After Governor Herbert closed the government schools, Fat Daddy’s Pizzeria in Provo, UT felt awful about the children who relied on the school lunches. Similar to us at Voluntaryism in Action, the good folks at Fat Daddy’s decided to do something about it. That something was a free lunch—to any school-aged child who needed it.

Private Businesses Are Helping Coronavirus Victims
Fat Daddy's Facebook post announcing their voluntary charity.

They weren’t expecting the volume of responses—not just from people wanting help, but from people offering help. Donations of money poured in. People called up to volunteer to serve food. In defiance of the callous unconcern of the government to people grown dependent on them, Fat Daddy’s brought the community together to help voluntarily.

Private Businesses Are Helping Coronavirus Victims
Fat Daddy's did not expect such an amazing response from their community.

Unlike pizza, one thing that’s difficult to find in Provo, UT is a stiff drink. With the government’s wave of restaurant and bar closures, it wasn’t just people in UT having a hard time feeling the Irish spirit(s) this St. Patrick’s Day. Hardest hit were the bartenders who depend on the revenue for their livelihood. Enter Jameson Irish Whiskey, who has pledged to donate $500,000 to support bartenders affected by this crisis.

Private Businesses Are Helping Coronavirus Victims

Not all help has been as urgent as feeding children and paying bills. Lives have been upset by the shutting down of college an university campuses, with many students left in a painful state of limbo. U-Haul has offered these students 30 days of free self-storage to help get them through the crisis, in addition to reduced rates for truck and trailer rentals.

Private Businesses Are Helping Coronavirus Victims
U-Haul adds their efforts to help mitigate the fallout from the government's response to coronavirus.

With government grade school closures, a lot of parents have found themselves at home with their children for multiple weeks. These parents, made dependent on the state for education, are lost when it comes to teaching their own kids. Yet again, private businesses are helping coronavirus victims. The Facebook page Amazing Educational Resources compiled a list of 30 education companies offering free subscriptions due to the failure of the government schools in this crisis. Here is a link to the spreadsheet, so you can check it out yourself: https://docs.google.com/spreadsheets/d/1t3r618pd8MAi6V87dG2D66PtiKoHdHusBpjPKXgm36w/htmlview?sle=true&usp=gmail#gid=0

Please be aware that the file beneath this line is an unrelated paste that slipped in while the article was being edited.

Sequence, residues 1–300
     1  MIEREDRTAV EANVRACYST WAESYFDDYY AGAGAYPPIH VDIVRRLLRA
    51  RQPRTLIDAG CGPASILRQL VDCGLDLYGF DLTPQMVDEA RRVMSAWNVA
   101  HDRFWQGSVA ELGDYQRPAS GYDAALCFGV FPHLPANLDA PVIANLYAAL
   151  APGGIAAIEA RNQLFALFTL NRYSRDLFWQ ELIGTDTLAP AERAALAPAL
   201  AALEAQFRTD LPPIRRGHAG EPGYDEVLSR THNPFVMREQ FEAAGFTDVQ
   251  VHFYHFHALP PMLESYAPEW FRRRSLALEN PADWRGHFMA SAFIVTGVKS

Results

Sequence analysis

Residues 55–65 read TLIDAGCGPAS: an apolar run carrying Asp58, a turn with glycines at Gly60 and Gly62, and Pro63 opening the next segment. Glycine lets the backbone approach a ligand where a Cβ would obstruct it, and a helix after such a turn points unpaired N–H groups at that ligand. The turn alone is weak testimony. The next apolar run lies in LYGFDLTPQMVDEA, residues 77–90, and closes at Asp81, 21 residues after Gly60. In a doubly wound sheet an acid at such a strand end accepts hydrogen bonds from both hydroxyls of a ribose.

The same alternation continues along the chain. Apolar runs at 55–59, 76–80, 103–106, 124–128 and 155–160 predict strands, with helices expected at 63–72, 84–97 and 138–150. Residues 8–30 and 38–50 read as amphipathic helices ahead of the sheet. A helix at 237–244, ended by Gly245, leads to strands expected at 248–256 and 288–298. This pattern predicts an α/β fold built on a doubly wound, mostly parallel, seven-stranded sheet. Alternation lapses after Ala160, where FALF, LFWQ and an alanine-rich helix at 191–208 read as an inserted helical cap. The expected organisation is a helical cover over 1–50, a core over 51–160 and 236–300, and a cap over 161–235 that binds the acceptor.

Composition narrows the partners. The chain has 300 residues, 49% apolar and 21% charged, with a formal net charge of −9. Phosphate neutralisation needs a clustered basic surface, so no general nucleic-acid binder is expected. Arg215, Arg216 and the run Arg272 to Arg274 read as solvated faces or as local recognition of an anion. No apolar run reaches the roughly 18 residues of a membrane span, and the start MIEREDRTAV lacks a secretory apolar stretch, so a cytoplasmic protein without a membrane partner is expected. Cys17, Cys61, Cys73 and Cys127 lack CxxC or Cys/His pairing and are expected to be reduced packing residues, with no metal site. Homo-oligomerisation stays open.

These are only a few of the examples that voluntaryists shared in the VIA Community Group on Facebook. There must be dozens—or even hundreds—that I don’t know about. What’s really amazing is that all of these businesses and people helping others have also been affected by the government’s draconian measures. But they looked around, saw people less fortunate, and reached out to help—as people always do, and always will. That’s why voluntary aid works.

Share on facebook
Facebook
Share on twitter
Twitter
Share on linkedin
LinkedIn
Share on email
Email
Share on print
Print
post

Government Welfare vs Voluntary Charity

At first, the prospect of government giving welfare to people might seem like a net good. “What heartless person could oppose these poor people receiving aid?” one might think. However, if the process of government welfare is examined, its surprisingly sinister nature becomes apparent.

In the first place, the money that the government spends is not its own—the money has been taken from other people via taxation. There are many different ideas on the morality of taxation—everything from it being a necessary part of society to it being outright theft. No matter your opinion of taxation, the fact remains that the tax money can no longer be spent as the tax payer wishes, but is now disposed of at the discretion of the government. Not only that, but since taxes are mandatory collections as part of a cold bureaucratic system, the taxpayer exercises no volition in the matter and cannot claim to have done a good thing—in fact, he cannot claim to have done anything at all. As Nobel laureate economist Friedrich A. Hayek wrote in The Road to Serfdom, “We are neither entitled to be unselfish at someone else’s expense nor is there any merit in being unselfish if we have no choice. The members of a society who are in all respects made to do the good thing have no title to praise.”